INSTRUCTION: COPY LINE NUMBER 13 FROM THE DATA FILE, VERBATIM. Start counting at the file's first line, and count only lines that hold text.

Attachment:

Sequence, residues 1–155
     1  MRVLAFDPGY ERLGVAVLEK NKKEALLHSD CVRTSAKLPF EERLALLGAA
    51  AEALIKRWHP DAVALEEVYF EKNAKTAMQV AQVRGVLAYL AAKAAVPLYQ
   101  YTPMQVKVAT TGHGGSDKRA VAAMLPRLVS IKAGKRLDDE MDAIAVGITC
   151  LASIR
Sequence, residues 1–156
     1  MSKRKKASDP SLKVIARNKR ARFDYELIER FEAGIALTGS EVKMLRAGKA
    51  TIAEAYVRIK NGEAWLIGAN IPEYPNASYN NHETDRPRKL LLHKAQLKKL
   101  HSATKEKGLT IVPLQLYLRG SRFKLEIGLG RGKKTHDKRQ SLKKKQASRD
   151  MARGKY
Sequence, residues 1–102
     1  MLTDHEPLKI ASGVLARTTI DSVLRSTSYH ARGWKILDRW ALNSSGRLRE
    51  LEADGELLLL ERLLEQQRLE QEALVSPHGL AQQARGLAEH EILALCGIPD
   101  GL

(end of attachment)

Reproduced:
    51  LEADGELLLL ERLLEQQRLE QEALVSPHGL AQQARGLAEH EILALCGIPD